Cambodia is the only country to have two of the world’s top 10 landmark tourist attractions, according to TripAdvisor’s latest traveler’s choice awards, with Angkor Wat and Bayon temples in Siem Reap province placing sixth and seventh respectively in the rankings released on Tuesday.
The 12th-century Angkorian temples stand alongside St. Peter’s Basilica in Rome and the Taj Mahal in India, with Machu Picchu, the 15th-century Incan city in Peru, topping out the top 25 destinations.
The world’s biggest travel website says it determined the rankings by analyzing millions of reviews posted by users over the past 12 months.
“Traveler Ratings are a measure of how well our travelers have liked each place,” the TripAdvisor website states.
Having two attractions in TripAdvisor’s top 10 will be a major publicity boon at a time of instability in the tourist industry due to unrest in Thailand, said Mey Mara Dy, deputy-director of the Apsara Authority, which manages the Angkor archaeological complex.
“It is amazing news, just brilliant news and especially important at this time,” Mr. Mara Dy said.
Some famous landmarks such as the Egyptian pyramids failed to make the top 25. Overcrowding and over-familiarity might explain their diminishing appeal.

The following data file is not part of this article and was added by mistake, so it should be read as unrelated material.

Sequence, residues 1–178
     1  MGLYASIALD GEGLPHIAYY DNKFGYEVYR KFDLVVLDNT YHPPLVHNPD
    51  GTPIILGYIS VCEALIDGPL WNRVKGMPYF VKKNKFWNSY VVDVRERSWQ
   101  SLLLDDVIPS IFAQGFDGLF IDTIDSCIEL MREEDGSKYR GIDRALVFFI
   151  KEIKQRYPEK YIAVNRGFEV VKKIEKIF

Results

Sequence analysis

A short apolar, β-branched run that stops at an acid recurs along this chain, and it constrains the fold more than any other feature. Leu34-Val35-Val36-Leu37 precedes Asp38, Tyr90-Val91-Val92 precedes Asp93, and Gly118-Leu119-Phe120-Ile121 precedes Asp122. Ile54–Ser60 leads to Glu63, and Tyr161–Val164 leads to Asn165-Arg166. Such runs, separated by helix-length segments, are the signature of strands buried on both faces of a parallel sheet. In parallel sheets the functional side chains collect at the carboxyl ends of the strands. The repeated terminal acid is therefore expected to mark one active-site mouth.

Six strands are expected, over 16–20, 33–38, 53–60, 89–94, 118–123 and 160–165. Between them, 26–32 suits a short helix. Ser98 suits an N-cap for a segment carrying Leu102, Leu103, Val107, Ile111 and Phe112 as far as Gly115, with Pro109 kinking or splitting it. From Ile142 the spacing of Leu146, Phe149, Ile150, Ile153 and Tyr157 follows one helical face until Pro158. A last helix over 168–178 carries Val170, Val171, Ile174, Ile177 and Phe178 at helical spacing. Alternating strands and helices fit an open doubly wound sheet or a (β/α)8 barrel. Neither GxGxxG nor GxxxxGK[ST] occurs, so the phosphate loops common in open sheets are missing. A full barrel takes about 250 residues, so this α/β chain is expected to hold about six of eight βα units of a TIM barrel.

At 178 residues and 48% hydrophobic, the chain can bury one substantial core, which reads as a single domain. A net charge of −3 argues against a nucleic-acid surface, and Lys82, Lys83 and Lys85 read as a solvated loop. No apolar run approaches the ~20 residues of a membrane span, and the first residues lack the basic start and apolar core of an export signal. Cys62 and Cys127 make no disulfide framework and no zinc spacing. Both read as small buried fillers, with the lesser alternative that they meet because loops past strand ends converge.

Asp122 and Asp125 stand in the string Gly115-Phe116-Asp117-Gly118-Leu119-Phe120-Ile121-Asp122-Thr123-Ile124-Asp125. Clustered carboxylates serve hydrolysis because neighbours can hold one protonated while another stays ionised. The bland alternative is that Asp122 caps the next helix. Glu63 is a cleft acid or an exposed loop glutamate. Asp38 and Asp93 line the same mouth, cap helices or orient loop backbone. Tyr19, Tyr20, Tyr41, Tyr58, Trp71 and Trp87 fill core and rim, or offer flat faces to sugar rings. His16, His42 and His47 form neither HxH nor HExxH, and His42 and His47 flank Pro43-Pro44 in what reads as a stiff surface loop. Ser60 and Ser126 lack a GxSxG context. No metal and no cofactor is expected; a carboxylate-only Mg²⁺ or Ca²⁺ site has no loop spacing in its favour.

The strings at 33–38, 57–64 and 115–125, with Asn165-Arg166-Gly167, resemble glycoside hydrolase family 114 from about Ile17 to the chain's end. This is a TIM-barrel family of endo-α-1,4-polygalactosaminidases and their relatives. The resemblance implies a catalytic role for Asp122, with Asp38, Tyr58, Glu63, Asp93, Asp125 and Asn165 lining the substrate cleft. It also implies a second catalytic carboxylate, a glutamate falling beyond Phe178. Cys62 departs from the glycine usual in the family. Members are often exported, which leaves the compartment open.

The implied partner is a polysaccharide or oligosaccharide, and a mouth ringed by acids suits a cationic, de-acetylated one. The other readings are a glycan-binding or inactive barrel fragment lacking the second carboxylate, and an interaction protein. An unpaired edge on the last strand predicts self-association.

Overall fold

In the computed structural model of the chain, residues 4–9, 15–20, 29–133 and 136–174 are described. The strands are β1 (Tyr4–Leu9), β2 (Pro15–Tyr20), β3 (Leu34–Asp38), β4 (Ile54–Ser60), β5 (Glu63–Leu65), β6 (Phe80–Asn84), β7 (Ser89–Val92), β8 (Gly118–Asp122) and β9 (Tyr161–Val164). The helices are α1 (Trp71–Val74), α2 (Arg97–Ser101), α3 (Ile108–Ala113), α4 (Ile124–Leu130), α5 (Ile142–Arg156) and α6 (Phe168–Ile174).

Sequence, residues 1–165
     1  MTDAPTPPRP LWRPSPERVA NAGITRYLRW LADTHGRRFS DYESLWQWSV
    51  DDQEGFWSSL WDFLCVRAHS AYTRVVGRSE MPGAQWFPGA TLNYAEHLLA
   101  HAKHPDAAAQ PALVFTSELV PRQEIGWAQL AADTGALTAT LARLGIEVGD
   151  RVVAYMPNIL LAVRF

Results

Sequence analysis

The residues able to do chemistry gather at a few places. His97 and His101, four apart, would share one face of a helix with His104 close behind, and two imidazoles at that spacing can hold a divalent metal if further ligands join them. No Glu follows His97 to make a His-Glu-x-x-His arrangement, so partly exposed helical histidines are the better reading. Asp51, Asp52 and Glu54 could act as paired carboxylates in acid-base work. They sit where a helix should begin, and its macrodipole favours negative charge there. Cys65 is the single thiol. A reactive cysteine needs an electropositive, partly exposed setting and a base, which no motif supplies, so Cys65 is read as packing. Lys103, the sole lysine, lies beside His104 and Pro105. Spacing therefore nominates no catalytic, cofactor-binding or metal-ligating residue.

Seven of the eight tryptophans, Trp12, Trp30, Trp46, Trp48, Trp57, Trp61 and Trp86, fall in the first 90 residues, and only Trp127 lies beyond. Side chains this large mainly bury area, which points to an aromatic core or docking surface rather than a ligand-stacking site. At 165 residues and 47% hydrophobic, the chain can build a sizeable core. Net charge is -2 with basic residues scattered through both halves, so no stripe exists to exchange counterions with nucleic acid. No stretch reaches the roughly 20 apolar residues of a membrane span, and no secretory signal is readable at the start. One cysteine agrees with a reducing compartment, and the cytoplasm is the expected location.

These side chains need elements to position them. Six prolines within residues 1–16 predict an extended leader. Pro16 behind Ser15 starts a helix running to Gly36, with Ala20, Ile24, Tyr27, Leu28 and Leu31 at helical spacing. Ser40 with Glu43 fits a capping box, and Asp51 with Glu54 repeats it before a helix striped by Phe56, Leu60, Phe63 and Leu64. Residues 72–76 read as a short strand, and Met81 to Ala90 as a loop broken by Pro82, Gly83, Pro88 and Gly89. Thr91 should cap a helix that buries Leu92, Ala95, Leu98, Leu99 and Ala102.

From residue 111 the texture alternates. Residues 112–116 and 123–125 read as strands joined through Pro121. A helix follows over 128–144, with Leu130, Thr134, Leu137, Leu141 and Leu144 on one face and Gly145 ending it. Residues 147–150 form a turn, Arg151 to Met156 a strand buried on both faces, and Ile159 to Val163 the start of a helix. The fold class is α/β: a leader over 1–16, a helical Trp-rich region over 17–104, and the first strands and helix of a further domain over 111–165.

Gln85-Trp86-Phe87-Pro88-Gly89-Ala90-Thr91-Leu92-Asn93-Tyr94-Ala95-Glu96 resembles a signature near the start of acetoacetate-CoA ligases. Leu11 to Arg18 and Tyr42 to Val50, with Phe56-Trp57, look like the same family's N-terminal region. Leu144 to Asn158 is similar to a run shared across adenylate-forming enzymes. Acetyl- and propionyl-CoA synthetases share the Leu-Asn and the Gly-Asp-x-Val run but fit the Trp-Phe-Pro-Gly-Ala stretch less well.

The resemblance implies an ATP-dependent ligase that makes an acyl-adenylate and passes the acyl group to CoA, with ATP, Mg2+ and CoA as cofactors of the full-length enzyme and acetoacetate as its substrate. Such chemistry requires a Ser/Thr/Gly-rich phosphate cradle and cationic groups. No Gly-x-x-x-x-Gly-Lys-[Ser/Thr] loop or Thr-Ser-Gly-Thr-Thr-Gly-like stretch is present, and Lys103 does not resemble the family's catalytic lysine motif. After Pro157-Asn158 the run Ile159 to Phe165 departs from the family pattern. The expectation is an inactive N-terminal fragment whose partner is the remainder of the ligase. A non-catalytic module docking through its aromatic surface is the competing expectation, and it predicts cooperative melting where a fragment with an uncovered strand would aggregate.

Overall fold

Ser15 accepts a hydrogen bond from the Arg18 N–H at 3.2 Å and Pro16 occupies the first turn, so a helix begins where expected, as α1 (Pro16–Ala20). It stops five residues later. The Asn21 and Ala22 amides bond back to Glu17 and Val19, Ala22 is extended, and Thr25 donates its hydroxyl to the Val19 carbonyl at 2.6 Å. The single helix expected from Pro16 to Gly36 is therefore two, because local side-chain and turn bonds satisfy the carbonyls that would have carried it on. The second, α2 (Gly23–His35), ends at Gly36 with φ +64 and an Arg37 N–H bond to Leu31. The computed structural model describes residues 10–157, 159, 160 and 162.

“It is great news for Cambodia in terms of visibility, but there are 42 temples, so the worry is it will…focus even more tourists on the ‘stars’ of the Angkor site,” said Unesco country director Anne Lemaistre.
TripAdvisor has become an increasingly important resource for tourists determining where to travel, stay and eat.
Chinese travelers, the main focus of Cambodia’s new tourism plan, are avid users of TripAdvisor China. And high-end Chinese tourists are the world’s most active online reviewers, according toa recent survey by Brand Karma and International Luxury Travel.
Cambodia received 4.2 million visitors in 2013 and saw a 6.8 percent year-on-year increase in the first four months of this year, said Kong Sopheareak, director of statistics at the Ministry of Tourism.
The temples of Siem Reap province are the main draw, and Mr. Sopheareak said the government is aware of the need to conserve the area.
“We have plans to protect our temples…such as by restricting the number of visitors per day and are cooperating with NGOs to limit damage to the site,” he said.